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Rob Ramage appeals conviction, sentence in crash that killed Keith Magnuson

The Hockey News

The Hockey News

TORONTO - Rob Ramage is arguing he should get a new trial on charges including impaired driving causing death because his Charter rights were violated shortly after a crash that killed his friend, former NHLer Keith Magnuson.

Suffering from a head injury and on morphine in the hospital after crashing a car, Ramage was not able to give informed consent when a police officer requested a urine sample, he says.

Lawyers for Ramage are to go before Ontario's Court of Appeal on Monday to ask for a new trial, or that his "harsh and grossly disproportionate" sentence be reduced.

Ramage's Charter rights were violated after he urinated into two containers at the hospital following the crash and a police officer seized some, Ramage's lawyer Brian Greenspan writes in a court document filed in advance of the hearing.

The officer didn't have a warrant, hadn't yet given Ramage a chance to speak with a lawyer, didn't advise him he didn't have to comply and didn't determine if Ramage was capable of giving informed consent, Greenspan writes.

"(The officer) knowingly exploited the appellant's custodial and medical status and the exercise of control that he exerted," the lawyer says.

A court document the Crown has filed indicates it will be strongly arguing against the conviction and sentence appeals.

"Mr. Ramage's position at trial was highly speculative, and if true, amounted to a consecutive series of unfortunate events amounting to an unbelievable case of extreme 'bad luck,"' Crown attorney Philip Perlmutter writes.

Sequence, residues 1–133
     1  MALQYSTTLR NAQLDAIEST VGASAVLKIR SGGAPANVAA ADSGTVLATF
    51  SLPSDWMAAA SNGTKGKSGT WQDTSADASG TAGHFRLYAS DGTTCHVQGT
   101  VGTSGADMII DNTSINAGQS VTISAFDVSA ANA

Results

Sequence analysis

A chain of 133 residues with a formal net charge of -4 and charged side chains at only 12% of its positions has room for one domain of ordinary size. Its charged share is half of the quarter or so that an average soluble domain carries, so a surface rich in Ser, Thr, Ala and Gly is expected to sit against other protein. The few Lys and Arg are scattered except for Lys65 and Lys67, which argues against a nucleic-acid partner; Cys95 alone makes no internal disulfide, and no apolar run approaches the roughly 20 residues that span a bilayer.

Ramage, himself a veteran NHL defenceman, was convicted in 2007 of impaired driving causing death, impaired driving causing bodily harm, dangerous driving causing death and dangerous driving causing bodily harm.

He was sentenced to four years imprisonment and was banned from driving for five years. Ramage has been out on bail since then living in the U.S.

Greenspan also contends Ramage's blood sample showing a high blood alcohol level could have been contaminated by an ethanol swab, and the urine containers could have been contaminated, too.

The Crown sounded highly skeptical of that position.

"What is the likelihood that four discrete analyses of three samples of blood and urine, collected separately at varying times in different containers, would produce (blood alcohol content) results three times the legal limit...?" Perlmutter writes.

The Crown conceded the Charter violation, but writes that the trial judge rightly allowed the urine evidence because the officer's conduct fell short of "flagrant or egregious."

Magnuson, 56, was killed when a rental car driven by Ramage slammed head-on into another vehicle just north of Toronto in December 2003. Ramage and Magnuson had just left a funeral reception for another former NHL player, Keith McCreary.

His lawyers also raise several issues with the judge's charge to the jury, which Greenspan says was "overwhelmingly" in favour of the Crown.

"The trial judge, at every opportunity in his charge to the jury, went out of his way to undermine the position of the defence by posing rhetorical questions and offering editorial comments that were often based on a misapprehension of the evidence," Greenspan writes.

Although the judge re-charged the jury on several aspects the damage was done, Greenspan says.

The sentence went against the wishes of Magnuson's family for a conditional sentence and was disproportionate for an upstanding citizen who had no criminal record, Greenspan writes.

Ramage won Stanley Cup rings with the Calgary Flames and Montreal Canadiens. He also played for the Colorado Rockies, St. Louis Blues, Toronto Maple Leafs, Minnesota North Stars, Tampa Bay Lightning and Philadelphia Flyers. Ramage retired after the 1993-94 season.

Magnuson was a rugged defenceman who played his entire 11-season NHL career with the Blackhawks, retiring after the 1979-80 campaign. He also coached the team for a season and a half.


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